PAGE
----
Clashes broke out in Beirut Tuesday evening between the Shiite organizations Hezbollah and the Sunni militia al-Ahbash. Lebanese media reported that at least three people were killed, one of them a senior Hezbollah official. It was later reported that order was restored in the city.
Hezbollah and al-Ahbash issued a joint statement late Tuesday night, saying that "the unfortunate event which took place tonight at Burj Abu Haidar, was an isolated event with no political or religious motive. The Lebanese army will conduct in investigation and will unveil those trying to hurt stability and security."
Fighting started Tuesday night in the Burj Abu Haidar neighborhood in downtown Beirut, and included RPGs and automatic weapons. According to the report, a Chevrolet containing four Hezbollah operatives entered the mixed Sunni-Shiite neighborhood in the Lebanese capital, and the passengers opened fire. The situation quickly escalated, and the Sunnis fired back at the vehicle.
The senior Hezbollah man killed in the fighting was Muhammad Fawaz, the organization's leading man in the neighborhood where the clashes took place. His assistant, Ali Jawaz, was also killed in the incident.
Lebanese troops in area of clashes (Photo: AFP)
Lebanese authorities said Ahmad Omeirat, of the radical Sunni al-Ahbash group was also killed.
According to initial reports, the bodies of the two Hezbollah men were being held by the Sunni operatives. Hezbollah gave their Sunni rivals an ultimate of three hours to hand the bodies over.
Mosque torched, carrying weapons banned
Lebanese media reported that a mosque affiliated with the Sunni al-Ahbash movement was torched hours after the clashes broke. The Lebanese military was deployed to the neighborhood, and Lebanese Defense Minister Elias al-Murr issued a decree against carrying weapons in the streets.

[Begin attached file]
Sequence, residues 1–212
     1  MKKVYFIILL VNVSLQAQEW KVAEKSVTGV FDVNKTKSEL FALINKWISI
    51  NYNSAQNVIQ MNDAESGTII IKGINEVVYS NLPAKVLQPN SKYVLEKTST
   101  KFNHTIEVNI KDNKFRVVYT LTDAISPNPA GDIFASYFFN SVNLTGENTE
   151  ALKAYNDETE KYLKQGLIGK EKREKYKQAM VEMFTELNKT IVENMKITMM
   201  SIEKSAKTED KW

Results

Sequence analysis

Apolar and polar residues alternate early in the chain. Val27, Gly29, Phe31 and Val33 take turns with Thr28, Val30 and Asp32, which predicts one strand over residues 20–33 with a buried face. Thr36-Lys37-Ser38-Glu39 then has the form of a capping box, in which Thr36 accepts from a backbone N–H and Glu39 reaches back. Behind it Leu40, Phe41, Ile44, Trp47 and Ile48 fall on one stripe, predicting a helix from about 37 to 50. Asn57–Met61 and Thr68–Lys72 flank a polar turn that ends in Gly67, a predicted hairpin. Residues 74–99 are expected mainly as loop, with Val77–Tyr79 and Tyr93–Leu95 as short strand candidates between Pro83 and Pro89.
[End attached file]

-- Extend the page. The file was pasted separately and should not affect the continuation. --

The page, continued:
Following the clashes, Lebanese President Michel Suleiman and Parliament Speaker Nabih Berri, who also heads the Shiite Amal movement, discussed the situation and agreed the fighting must end immediately. Mosques in the area also urged the gunmen to hold their fire.
Hours after fighting broke, al-Jazeera reported that order was restored in Beirut. Hezbollah's al-Manar television station belittled the incident, and called it "security disorder".
According to reports Hezbollah and al-Ahbash representatives met in the Lebanese military's headquarters in an attempt to quell the violence. It remained unclear what Hezbollah's Wafiq Safa and al-Ahbash's Badr at-Tabash decided on, but reports said one possibility was that the person behind the shooting at Hezbollah be handed over to the organization.
Contrary to earlier reports, operatives of the Shiite Amal organization were not involved in the fighting.
Hezbollah Spokesman Ibrahim Mousawi denied that his organization have al-Ahbash an ultimatum of three hours to return the bodies. Al-Manar was slow in reporting on the incident, and did not give full details of events.
Lebanon has a history of deadly sectarian strife, which has even escalated to civil war. The most recent clash in the city's northern neighborhood broke after Hezbollah was implicated in the assassination of former Prime Minister Rafik Hariri.
The international tribunal probing the assassination said Hezbollah has yet to submit the evidence it says it has tying Israel to the act.
Last week Hezbollah handed Lebanese authorities its "evidence" implicating Israel in the killing, but according to the UN prosecutor, Daniel Bellemare, Hezbollah only gave his office six DVDs that have already been made public, but did not hand over any of the additional evidence the organization said it had.
Hezbollah chief Hassan Nasrallah said in a speech two weeks ago that Israel was behind the assassination, and presented aerial photographs showing that Israel was tracking Hariri days prior to his death.
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